Just why shrimp should have so much sodium is not immediately apparent. Undoubtedly, the shrimp reported in the table were probably cooked in seawater, which would have contributed a substantial amount of the sodium, but on the otherhand, most shrimps are purchased ready cooked, and presumably will also have been so cooked and thus have the same high sodium level. Shrimp should thus be avoided by those with high blood pressure, or who must restrict their sodium intake for other reasons. In general, the balance between sodium and potassium is favourable in fish, with ratios ranging from 1:2 to 1:10. In shellfish, there is more sodium, so the ratio is not so favourable. Shrimp, oysters lobster and crab contain more sodium than potassium.
Calcium levels are not high in most seafoods, though sprats, sardines, oysters and shrimps are clearly exceptions, supplying 10-20% of the adult RNI in a 100g portion. Canned salmon contains softened bones, and when these are eaten with the fish, as they often are, the level of calcium supplied rises to 300mg per 100g, almost half of the adult RNI for calcium. Iron levels are not high in seafoods, but since the iron is easily absorbed, especially from white fish, it is a useful dietary source. The level of iron in molluscs (oysters, mussels) is similar to that in red meat. Zinc is also especially rich in the molluscs, and in particular oysters. The reputed aphrodisiac qualities of oysters is commonly attributed to the high level of zinc present, though this has not been studied in controlled trails! With the adult RNI for zinc at 9.5 mg, most shellfish can make a contribution of around 30-50% to this, though for fish, the contribution is more like 5-10% . Seafood is the richest source of iodine in the normal diet, and one or two seafood meals per week will supply 100-200mcg per day, enough to meet the adult RNI of 140 mcg. Few other commonly eaten foods can match this. The same can be said of selenium, though the variation is greater. Seafoods supply 20-60 mcg per 100g, with the exception of lobster, which contains a massive 130mcg per 100g. The adult RNI for selenium is 75 mcg and 100g of many seafoods will make a large contribution to this. Cereal and meat sources of selenium provide about 10-12 mcg/100g, considerably less than most seafoods.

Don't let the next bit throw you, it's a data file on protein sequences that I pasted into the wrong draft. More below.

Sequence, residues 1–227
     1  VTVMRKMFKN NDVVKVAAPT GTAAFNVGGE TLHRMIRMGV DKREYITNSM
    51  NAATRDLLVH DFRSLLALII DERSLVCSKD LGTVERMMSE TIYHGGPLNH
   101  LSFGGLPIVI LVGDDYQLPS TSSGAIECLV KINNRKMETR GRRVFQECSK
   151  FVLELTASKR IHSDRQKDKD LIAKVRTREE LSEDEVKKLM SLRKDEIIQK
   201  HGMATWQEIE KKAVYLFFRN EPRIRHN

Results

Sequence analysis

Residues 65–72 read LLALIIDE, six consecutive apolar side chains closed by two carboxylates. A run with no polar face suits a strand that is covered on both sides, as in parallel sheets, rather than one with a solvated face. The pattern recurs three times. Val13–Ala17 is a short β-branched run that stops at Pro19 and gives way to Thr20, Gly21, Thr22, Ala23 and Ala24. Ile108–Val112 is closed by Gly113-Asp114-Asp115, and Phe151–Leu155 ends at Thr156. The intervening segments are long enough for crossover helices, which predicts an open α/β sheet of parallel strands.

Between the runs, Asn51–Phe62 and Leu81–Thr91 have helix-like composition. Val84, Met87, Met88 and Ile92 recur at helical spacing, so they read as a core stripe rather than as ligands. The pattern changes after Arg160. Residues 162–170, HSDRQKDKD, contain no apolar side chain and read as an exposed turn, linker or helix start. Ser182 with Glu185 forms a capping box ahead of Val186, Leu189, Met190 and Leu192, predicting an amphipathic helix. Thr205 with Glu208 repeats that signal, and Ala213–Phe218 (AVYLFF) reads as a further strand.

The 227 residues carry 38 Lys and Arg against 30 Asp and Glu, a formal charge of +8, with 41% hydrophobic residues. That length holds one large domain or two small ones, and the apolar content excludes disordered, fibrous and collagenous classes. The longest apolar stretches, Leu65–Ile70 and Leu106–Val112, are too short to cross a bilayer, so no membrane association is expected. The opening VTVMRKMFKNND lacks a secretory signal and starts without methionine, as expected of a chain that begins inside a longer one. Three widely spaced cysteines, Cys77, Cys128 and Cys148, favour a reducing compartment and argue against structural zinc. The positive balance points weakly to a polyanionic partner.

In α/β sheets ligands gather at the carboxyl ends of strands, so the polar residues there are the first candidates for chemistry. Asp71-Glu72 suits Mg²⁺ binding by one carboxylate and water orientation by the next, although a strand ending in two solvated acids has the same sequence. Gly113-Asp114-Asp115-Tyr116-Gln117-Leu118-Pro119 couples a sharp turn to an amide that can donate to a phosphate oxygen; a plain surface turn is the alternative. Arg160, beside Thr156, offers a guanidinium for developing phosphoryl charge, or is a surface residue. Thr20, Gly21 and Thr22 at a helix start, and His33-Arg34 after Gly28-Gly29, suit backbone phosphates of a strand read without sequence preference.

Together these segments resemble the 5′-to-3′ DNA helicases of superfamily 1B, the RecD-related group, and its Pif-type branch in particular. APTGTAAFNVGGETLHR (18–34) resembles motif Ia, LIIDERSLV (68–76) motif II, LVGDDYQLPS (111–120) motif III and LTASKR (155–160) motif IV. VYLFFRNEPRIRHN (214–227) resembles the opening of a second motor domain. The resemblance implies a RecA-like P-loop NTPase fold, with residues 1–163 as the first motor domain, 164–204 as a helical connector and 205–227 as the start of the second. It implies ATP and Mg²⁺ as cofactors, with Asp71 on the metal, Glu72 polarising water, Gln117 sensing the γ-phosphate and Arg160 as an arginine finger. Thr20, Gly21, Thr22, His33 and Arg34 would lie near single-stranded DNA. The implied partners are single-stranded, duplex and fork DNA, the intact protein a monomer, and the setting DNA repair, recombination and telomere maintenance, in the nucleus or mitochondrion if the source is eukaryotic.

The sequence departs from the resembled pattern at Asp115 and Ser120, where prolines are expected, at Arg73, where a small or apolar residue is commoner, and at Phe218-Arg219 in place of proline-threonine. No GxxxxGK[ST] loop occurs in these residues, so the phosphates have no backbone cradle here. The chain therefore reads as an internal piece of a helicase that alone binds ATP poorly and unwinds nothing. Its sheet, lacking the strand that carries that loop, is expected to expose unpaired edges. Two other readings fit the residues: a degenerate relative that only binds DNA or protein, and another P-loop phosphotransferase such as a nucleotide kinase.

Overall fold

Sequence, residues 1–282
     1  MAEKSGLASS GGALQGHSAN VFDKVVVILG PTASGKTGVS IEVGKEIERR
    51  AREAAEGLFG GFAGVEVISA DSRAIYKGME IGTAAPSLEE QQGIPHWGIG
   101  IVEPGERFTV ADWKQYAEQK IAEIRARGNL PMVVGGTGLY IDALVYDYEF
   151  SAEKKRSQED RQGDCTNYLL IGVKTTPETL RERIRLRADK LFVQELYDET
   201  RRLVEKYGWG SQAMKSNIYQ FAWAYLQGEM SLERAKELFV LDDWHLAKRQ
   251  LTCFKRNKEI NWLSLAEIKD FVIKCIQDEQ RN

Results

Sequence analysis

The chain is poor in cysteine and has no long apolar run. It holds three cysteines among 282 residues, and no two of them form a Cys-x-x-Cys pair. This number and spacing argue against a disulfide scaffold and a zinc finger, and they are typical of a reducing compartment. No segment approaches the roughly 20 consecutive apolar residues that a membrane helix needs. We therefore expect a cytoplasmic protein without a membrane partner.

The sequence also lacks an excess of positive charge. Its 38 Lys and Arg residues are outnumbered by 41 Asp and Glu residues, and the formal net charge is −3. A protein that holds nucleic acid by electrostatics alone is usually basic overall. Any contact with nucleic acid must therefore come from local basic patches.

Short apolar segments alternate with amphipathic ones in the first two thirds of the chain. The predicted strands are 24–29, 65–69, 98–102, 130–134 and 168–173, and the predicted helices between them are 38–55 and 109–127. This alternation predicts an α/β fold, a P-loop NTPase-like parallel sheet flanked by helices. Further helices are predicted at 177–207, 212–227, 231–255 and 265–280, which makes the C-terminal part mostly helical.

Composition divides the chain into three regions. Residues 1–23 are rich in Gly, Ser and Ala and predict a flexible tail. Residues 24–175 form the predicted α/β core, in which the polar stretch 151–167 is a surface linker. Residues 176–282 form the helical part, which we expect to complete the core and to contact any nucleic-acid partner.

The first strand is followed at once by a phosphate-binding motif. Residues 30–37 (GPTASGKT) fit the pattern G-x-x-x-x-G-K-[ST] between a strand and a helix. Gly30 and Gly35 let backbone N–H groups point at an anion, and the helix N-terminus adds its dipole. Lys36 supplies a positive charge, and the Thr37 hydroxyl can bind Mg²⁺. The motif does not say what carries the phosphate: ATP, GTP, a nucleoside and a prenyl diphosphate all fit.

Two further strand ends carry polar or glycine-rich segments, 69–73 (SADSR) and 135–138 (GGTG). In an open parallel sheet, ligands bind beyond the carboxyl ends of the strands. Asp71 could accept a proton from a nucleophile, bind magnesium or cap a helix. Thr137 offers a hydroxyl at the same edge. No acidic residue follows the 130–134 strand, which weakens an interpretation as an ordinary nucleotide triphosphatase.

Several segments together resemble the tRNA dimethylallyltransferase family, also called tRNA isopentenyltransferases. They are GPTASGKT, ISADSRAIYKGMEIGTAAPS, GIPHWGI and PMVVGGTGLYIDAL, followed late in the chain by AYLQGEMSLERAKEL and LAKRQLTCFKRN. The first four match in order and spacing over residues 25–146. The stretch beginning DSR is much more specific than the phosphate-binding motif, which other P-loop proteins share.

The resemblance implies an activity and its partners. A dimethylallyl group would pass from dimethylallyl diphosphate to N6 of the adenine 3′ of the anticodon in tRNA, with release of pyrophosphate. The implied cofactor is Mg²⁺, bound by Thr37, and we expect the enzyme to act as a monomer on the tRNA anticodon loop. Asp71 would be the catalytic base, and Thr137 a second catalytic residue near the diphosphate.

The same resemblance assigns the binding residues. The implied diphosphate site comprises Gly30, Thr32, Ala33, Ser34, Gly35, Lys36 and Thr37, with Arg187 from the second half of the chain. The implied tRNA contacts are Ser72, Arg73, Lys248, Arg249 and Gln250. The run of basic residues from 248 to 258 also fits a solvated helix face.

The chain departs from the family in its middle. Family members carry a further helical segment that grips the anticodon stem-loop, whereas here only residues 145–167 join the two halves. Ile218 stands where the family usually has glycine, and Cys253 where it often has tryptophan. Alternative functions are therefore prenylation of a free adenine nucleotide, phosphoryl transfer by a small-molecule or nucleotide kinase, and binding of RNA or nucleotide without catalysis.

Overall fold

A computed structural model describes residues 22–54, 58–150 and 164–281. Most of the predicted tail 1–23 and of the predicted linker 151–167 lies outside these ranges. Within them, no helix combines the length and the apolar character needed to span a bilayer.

Other minor components
Though not nutrients in the classic sense of the word, the sterols which seafoods contain are important from the nutritional point of view. Cholesterol is the best known, but the levels are not as significant nutritionally as once thought, partly due to mistaken identity. The is no doubt that the crustaceans as a group contain quite high levels of cholesterol. Prawns in particular contain about 195mg of cholesterol per 100g meat. In the context of a recommended maximum cholesterol intake of 300-600mg per day, this is significant, though it is still less than the cholesterol contained in an egg (250mg). Shrimp meat contains about 130mg/100g, while crab and lobster meat contains 50-100mg per 100g. At one stage it was thought that the molluscs also contained high cholesterol levels, but in fact this was due to an analytical error. What was once identified as cholesterol is now known to include other plant derived sterols, or phytosterols. Cholesterol is still present in molluscs, but a high proportion of the sterols present are now known to be phytosterols. Cholesterol levels in the molluscs range from 40-60 in mussels, scallops and oysters, up to 150-200 mg in cuttlefish and squid. The phytosterols, though not yet widely studied, are considered to be beneficial in the diet, since they interfere with the absorption of cholesterol.